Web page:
Gyan Das, therefore, symbolised the resistance inside the world of sadhus to the Sangh parivar’s Hindutva project. After becoming the president of the All India Akhara Parishad, he became even more bullish in his bid to rupture the VHP’s bond with the sadhus of Ayodhya.
Demolishing Gyan Das and his influence eventually became critical for the VHP’s claim to represent the sadhus of Ayodhya. It was against this background that the VHP grabbed the opportunity when Dharam Das, an ambitious resident of this establishment with roots in the VHP, set out to become Shri Mahant (chief abbot) of Nirvani akhara.
The protracted battle, which lasted from 2005 to 2009, was significant to the VHP gaining a grip in the internal workings of Hanumangarhi, and the politics of Hindutva spreading among sadhus in Ayodhya. This clash also exposes the mechanism the VHP used to gain a foothold among Ayodhya’s sadhus and to emerge as the voice of the movement aimed at “liberating” the so-called birthplace of Lord Ram.
Another sadhu you write about is Bhavanath Das of Ayodhya, head of the Samajwadi Sant Sabha. How is he and his politics different from the sadhus associated with the Hindutva outfits?
Bhavanath Das, another important sadhu of Hanumangarhi, is a classic example of how the world of sadhus gets affected by events in the rest of the society.
Like a significant section of sadhus, he belongs to the Other Backward Classes (OBCs). In the early 1990s, when many sadhus were being drawn to the politics of Hindutva, he and a handful of other sadhus of the OBCs represented lower-caste assertions – which had become a major factor in the politics in North India at the time of the Mandal Commission.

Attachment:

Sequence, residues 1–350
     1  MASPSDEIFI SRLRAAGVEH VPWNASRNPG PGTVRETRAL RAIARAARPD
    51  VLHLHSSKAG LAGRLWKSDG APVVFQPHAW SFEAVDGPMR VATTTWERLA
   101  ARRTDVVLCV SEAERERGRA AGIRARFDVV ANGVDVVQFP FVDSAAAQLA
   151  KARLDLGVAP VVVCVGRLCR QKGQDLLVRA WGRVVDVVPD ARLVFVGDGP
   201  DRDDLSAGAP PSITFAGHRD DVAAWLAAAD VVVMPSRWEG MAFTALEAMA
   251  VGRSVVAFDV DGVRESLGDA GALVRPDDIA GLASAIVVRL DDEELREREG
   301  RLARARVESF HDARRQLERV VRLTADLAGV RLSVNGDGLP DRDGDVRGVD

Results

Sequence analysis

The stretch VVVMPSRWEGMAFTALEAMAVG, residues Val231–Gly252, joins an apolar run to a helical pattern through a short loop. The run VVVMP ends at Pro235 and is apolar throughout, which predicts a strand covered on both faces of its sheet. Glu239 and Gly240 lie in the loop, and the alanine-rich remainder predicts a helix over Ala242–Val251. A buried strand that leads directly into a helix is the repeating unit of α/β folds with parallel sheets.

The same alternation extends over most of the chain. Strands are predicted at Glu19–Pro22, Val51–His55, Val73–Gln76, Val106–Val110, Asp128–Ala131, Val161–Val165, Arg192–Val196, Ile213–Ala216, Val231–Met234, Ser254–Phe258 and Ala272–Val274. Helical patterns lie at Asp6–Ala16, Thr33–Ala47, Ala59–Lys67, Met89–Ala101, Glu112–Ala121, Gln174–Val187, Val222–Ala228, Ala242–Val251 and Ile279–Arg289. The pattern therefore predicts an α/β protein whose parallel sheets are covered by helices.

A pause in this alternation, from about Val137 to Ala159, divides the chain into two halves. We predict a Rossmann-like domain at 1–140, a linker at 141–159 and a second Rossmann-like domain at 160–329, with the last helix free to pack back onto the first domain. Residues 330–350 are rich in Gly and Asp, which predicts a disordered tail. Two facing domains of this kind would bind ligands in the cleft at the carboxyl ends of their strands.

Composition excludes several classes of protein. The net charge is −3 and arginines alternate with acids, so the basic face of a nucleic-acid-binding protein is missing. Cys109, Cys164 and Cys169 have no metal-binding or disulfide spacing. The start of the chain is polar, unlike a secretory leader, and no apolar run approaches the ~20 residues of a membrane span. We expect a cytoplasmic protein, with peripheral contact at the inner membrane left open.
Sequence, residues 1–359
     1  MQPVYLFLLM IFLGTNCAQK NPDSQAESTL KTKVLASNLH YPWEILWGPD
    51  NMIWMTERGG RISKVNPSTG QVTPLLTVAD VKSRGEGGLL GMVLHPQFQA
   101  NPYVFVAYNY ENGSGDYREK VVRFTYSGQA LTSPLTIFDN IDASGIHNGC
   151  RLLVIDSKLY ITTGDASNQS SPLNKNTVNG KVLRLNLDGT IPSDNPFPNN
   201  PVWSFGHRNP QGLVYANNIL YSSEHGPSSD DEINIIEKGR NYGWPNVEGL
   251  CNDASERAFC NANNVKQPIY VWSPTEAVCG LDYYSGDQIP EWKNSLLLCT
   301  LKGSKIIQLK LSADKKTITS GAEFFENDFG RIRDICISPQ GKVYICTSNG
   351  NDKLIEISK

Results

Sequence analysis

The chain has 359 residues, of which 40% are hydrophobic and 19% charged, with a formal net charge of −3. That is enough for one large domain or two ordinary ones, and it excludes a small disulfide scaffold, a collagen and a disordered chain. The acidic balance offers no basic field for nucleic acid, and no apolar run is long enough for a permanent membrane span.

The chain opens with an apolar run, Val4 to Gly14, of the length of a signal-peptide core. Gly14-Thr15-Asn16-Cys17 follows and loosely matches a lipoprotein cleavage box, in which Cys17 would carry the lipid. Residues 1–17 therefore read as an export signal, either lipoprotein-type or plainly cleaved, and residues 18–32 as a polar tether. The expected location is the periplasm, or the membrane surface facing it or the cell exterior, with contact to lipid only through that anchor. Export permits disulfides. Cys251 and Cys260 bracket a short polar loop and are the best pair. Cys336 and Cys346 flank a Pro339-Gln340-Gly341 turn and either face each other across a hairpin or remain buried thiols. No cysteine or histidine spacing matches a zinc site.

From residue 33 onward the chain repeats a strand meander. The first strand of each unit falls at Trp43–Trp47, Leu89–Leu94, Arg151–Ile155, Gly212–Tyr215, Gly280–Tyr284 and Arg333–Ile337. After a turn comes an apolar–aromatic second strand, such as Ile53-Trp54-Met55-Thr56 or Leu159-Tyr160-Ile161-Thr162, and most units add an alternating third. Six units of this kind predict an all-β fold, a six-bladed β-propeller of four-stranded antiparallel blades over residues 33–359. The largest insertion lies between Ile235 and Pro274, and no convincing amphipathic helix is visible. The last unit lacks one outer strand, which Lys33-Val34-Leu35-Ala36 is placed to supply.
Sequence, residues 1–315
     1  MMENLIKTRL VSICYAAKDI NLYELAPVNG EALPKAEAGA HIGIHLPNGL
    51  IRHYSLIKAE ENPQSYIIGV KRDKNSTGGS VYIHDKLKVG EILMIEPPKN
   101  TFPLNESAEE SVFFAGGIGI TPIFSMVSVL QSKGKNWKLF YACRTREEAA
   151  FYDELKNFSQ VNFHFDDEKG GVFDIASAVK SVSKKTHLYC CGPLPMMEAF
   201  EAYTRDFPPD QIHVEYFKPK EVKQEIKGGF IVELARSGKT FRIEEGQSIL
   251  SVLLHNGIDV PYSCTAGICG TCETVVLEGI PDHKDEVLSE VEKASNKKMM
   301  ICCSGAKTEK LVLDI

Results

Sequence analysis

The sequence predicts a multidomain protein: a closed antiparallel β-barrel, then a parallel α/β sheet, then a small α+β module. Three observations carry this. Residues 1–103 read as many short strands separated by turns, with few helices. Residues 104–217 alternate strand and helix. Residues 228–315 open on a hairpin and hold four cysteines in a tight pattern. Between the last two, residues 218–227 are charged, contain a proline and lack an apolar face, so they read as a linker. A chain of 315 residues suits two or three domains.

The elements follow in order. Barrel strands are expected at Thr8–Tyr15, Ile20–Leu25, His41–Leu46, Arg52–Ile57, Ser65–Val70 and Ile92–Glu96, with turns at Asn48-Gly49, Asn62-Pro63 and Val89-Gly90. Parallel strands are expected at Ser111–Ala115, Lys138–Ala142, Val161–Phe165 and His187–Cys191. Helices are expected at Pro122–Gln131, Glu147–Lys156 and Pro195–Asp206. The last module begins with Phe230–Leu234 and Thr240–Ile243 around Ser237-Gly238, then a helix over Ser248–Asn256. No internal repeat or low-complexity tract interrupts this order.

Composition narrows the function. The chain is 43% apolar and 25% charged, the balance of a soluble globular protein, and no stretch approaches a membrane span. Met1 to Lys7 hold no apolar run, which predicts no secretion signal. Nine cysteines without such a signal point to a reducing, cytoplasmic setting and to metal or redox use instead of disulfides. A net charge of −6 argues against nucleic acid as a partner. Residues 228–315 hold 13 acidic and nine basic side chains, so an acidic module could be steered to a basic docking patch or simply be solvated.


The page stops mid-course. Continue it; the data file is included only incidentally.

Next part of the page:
Thus the rise of the Samajwadi Party, with its core strength among the OBCs in Uttar Pradesh, was followed by the formation of “Samajwadi Sant Sabha”, a group of Vaishnava sadhus headed by Bhavanath Das.
As in the rest of the society, so among the sadhus; this group stayed away from the Sangh parivar. Today, Bhavanth Das is close to top leaders of the Samajwadi Party, and is politically distanced from the project of Hindutva, but the group exists mainly on paper. In the long term, its impact on Hindu monastic establishments remained very limited because of how the Brahminical vision of Hindu religion dominates their world.
What role did sadhus and akharas play in the landslide victory of the BJP in 2014 and in the 2017 Uttar Pradesh assembly polls?
At the Kumbh Mela of 2013, just a year before the election, sadhus associated with the VHP almost exhorted religious leaders to make supporting the BJP appear as a divine project for Hindus. The political overtones of the Kumbh, attended by millions of Hindu devotees and lakhs of sadhus, were clear in the VHP’s slogan, heard at meetings of sadhus and seen on hoardings – “Jo Ram ki baat karega, wahi desh par raj karega”.
Later in 2013, when the Sangh parivar was planning its election strategy, the RSS organised in Nagpur a three-day conference of select religious leaders. The conference was devised to ensure that the religious idiom resonated well with the Hindu electorates.
In all this, the Akhil Bharatiya Sant Samiti (ABSS) – an organisation of sadhus formed in 1986, at the behest of the RSS – played a critical role. Not only in the election of 2014, but also in the UP assembly election of 2017, sadhus attached to the Samiti worked hard on their followers to ensure the BJP’s victory.
And do you think 2019 is going to be the same?
The RSS received a mild setback early this year, when it sought to make a massive political show out of the Ardh-Kumbh at Prayagraj. Its brazen move to hijack the Ardh-Kumbh enraged many sadhus – mostly those who had not gained from the Sangh parivar’s network of patronage, or had not thought of benefitting from oppositional politics.
The shankaracharya of Dwarka Peeth, Swami Swaroopanand Saraswati; the incumbent president of Akhara Parishad, Narendra Giri; and Madhya Pradesh’s high profile ‘Computer Baba’ spearheaded the disquiet and ripped up the VHP’s ‘Dharma Sansad’, the two-day conclave of sadhus planned to rekindle the Ram temple issue ahead of the polls.
Despite the setback, the ABSS became hyperactive the moment campaigning began. It issued an appeal to religious leaders across the country, exhorting them to work “in coordination with different Hinduvadi organsations” in their areas to ensure the victory of the BJP. It remains to be seen whether their efforts will help the BJP in the same way as much as they did in 2014.